1 Case Study: California State University, Fresno Implements ITSM Without Breaking The Bank by Evelyn Hubbert with Peter O Neill and Lindsey Kempton Executive Summary When faced with austere budget challenges, California State University, Fresno (Fresno State), with a student population of 21,000 and about 2,300 faculty and staff, realized the need to integrate separate workgroups and become more effective in delivering IT services to the campus. IT needed to reorganize its previously distributed organization and adopt a service management approach to orchestrate resources across the campus and act as a coordinated point of contact for all consumers of IT services. The service management initiative refined several processes, such as closing the loop on incident management, and also required changes in behavior across the organization. The IT team effectively saved 60% of service management software budget year over year. Situation: silos prohibited efficiency improvements Fresno State is one of the 23 campuses of the California State University system, which is one of the largest systems of higher education in the world. The IT organization was not fully aware of service management frameworks despite a basic level of process maturity. A help desk was supporting the central workgroups, with groups of distributed staff supporting the colleges. A concerted effort was initiated to refine the structure, processes, and behavior of the IT group. The director of service management within information technology services provided leadership on these initiatives with effective participation from staff. Best Practice: the service desk as an orchestrator In past years, each help desk responded to user issues that arose in its environment. The reorganization transitioned the help desk to a service desk, and with this transition the IT team s responsibility expanded to support a larger user community and more of the service life cycle. The reorganization created opportunities to assess existing service pathways and alter call flows where customers could benefit from higher first-contact resolution (FCR) and improved response. In essence, the ITIL service desk encompassed those customer-facing roles who could raise an incident or submit a request on the user s behalf and who were then responsible for the life of the ticket. This reorganization forced Fresno State to find an ITSM solution that accommodated these maturing needs. At Fresno State the following key practices were introduced: Project management training. One of the first initiatives was to train many of the IT members on the disciplines of project management. The members of the team recognized what disciplines improved desired outcomes and became more results-oriented. Headquarters Forrester Research, Inc., 400 Technology Square, Cambridge, MA USA Tel: Fax:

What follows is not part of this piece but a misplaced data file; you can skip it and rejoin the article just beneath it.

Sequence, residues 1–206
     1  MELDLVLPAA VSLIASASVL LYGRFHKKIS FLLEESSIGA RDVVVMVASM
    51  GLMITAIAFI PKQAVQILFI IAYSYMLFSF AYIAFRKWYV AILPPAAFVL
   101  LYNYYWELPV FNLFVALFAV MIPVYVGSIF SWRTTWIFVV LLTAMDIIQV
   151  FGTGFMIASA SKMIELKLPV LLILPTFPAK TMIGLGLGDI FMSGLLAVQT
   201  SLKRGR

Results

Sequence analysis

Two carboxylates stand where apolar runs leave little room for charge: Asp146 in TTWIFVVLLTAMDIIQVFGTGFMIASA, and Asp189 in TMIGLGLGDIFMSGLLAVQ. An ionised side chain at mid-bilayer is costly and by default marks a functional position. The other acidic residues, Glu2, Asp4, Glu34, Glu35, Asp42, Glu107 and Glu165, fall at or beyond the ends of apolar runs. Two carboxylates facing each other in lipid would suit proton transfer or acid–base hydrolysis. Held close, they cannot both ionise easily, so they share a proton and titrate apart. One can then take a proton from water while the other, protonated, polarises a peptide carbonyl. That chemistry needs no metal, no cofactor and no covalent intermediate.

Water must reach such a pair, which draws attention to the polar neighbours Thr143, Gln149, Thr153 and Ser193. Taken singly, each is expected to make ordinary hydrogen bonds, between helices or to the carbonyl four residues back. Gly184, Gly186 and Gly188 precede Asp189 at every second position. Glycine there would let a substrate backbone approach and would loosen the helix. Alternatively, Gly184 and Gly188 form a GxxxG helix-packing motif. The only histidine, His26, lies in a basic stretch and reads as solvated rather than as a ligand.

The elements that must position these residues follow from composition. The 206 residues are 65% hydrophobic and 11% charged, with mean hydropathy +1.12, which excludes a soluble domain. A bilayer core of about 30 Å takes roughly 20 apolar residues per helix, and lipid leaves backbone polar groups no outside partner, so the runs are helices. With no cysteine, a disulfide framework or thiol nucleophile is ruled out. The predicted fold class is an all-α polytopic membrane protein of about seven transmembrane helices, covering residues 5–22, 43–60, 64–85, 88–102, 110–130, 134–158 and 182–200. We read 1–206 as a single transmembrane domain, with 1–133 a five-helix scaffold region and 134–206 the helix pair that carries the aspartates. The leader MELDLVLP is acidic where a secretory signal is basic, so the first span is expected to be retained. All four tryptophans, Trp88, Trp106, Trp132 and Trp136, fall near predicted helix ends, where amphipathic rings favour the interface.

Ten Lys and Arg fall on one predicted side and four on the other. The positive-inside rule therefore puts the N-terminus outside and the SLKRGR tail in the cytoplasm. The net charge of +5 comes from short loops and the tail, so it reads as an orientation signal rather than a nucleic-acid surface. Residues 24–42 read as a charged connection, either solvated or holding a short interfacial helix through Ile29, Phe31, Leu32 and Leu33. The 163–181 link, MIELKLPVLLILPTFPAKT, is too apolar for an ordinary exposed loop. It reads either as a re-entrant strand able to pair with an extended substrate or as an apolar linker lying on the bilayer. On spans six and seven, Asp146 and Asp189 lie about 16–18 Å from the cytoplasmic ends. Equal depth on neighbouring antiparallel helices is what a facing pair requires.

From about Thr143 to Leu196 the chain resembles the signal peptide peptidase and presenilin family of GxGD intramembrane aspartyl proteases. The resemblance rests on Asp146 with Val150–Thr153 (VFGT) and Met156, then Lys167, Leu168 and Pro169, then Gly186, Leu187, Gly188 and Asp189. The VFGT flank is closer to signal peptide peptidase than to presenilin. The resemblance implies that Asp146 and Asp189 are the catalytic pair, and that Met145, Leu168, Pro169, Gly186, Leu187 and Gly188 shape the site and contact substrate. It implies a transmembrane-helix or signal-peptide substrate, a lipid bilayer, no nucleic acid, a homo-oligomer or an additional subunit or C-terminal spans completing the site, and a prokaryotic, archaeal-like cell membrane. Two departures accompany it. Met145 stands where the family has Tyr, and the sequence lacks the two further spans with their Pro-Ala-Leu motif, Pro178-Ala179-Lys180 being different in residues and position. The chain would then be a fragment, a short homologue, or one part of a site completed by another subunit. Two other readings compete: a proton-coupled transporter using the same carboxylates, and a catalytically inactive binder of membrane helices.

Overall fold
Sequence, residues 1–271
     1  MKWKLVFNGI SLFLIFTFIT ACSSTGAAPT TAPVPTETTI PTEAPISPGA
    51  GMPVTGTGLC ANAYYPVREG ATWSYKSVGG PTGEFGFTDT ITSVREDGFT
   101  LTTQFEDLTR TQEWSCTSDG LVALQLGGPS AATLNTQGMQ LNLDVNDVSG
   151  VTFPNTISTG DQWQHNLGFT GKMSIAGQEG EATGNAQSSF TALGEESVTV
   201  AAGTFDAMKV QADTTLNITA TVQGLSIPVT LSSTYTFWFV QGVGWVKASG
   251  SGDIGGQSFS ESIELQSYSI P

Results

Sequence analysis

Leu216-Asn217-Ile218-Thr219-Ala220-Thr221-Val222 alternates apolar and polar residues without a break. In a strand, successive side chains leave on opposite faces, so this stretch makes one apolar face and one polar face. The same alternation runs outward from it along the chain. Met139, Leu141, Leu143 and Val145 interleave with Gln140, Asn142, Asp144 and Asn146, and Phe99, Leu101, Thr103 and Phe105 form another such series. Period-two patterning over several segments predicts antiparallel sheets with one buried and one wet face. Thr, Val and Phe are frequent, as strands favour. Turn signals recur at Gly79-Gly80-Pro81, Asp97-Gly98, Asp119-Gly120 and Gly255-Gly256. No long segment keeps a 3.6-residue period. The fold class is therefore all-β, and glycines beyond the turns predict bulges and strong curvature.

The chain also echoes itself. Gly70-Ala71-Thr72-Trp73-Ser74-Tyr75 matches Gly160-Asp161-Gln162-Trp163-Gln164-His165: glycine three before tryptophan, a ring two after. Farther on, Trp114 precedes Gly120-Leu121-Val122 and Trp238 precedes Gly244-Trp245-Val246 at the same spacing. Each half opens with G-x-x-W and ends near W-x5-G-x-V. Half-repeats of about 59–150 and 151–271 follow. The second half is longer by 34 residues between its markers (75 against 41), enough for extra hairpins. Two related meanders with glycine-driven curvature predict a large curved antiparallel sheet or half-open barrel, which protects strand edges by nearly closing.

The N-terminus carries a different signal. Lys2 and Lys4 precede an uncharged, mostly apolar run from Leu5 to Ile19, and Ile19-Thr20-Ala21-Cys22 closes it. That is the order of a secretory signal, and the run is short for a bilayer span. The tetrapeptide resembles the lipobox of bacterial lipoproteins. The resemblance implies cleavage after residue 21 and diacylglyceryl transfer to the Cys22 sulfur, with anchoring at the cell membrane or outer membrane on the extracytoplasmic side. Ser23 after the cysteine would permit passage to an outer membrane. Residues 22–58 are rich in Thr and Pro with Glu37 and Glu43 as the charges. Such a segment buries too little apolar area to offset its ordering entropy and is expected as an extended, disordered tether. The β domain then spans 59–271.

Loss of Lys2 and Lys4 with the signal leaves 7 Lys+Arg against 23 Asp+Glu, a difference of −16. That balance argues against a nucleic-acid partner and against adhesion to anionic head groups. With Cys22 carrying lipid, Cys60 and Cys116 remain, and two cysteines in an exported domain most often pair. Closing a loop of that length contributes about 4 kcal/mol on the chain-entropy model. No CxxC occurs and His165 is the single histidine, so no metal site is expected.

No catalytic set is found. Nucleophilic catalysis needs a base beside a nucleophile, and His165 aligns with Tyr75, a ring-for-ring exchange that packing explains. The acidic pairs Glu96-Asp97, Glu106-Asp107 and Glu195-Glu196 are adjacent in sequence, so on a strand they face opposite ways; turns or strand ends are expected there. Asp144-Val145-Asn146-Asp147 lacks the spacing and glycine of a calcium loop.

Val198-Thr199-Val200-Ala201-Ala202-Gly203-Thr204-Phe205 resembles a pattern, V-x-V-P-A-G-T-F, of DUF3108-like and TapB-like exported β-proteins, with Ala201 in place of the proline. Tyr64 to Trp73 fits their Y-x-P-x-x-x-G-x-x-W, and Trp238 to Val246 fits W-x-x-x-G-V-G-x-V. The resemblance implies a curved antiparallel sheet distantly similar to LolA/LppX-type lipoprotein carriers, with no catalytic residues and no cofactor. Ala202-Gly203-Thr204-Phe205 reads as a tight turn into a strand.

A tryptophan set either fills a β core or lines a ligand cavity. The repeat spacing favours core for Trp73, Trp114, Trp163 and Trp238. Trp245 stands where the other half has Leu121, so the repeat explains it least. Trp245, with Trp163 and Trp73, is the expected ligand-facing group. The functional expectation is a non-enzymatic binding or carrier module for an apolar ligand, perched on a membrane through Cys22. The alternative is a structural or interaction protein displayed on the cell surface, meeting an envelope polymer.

2 2 Service management training. As the organization was changing from a help desk to a service desk, many good practices around service management needed to be better understood as a prerequisite to becoming a service desk. The training around service management allowed the team, for example, to understand the differences between incident resolution and request fulfillment. Training is a critical step before starting to change what people do since it increases their capability to perform the new behavior and reduces their reluctance to change. Reinforcement of consistent behavior across teams. Changes to behavior are required to successfully implement service management and ongoing continuous improvements. The members of the organization need to understand that they are part of a value chain and that the contribution, work, tasks, and steps they perform add value to a previous step. Staff learned the importance of working within and across teams to complete tasks and coordinate the flow of value to the customer. Staff worked within an orchestrated model where work was pulled from the queue to those qualified and authorized. All staff were part of the value chain and were responsible for the delivery of value to customers. Creation of shared central workgroups. Centralizing teams can provide a variety of benefits: avoid duplication of work, improve standardization of operations and processes, allow for better specialization, and cut costs. So Fresno State designed the new organization with central resource groups based on competence and capabilities. These teams leveraged efficiencies as they sought to deliver standardized services to the campus. The colleges and divisions each had one designated IT liaison who was responsible to act as the local presence of IT and be responsive to local needs. This organizational design sought to be agile at the edge and efficient throughout the core. The organizational structure addressed standard demand through these central teams and then provided local capacity to respond to domain specific and varied demand. Implementation of key service management processes. After looking at the existing incident, problem, and change management processes, the team members realized that they had to reevaluate and rework their processes. They modified the incident management process so that the owner of an incident was responsible for the entire incident life cycle from start to finish. They changed the problem management process to work with different folks on coordinating and eliminating problems that evidenced themselves in scattered incidents. Fresno State had already implemented a variety of wikis and knowledge bases, but a task force worked on a meta model to consolidate knowledge management into a single instance supporting multiple users. Standardization on one service management tool. To have better visibility of issues across the managed environment and to truly manage incidents and problems with a coordinated effort, the team needed to replace the existing help desk with a service management solution that allowed for the reinforcement of consistent behaviors across teams and support the service management processes, including incident, problem, knowledge, and change management.